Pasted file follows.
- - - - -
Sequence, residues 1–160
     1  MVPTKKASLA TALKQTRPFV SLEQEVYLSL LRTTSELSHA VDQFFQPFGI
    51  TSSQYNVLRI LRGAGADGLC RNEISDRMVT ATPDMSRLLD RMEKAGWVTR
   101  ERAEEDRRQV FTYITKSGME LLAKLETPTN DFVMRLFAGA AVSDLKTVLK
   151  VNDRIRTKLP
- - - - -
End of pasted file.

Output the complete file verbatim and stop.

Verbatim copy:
Sequence, residues 1–160
     1  MVPTKKASLA TALKQTRPFV SLEQEVYLSL LRTTSELSHA VDQFFQPFGI
    51  TSSQYNVLRI LRGAGADGLC RNEISDRMVT ATPDMSRLLD RMEKAGWVTR
   101  ERAEEDRRQV FTYITKSGME LLAKLETPTN DFVMRLFAGA AVSDLKTVLK
   151  VNDRIRTKLP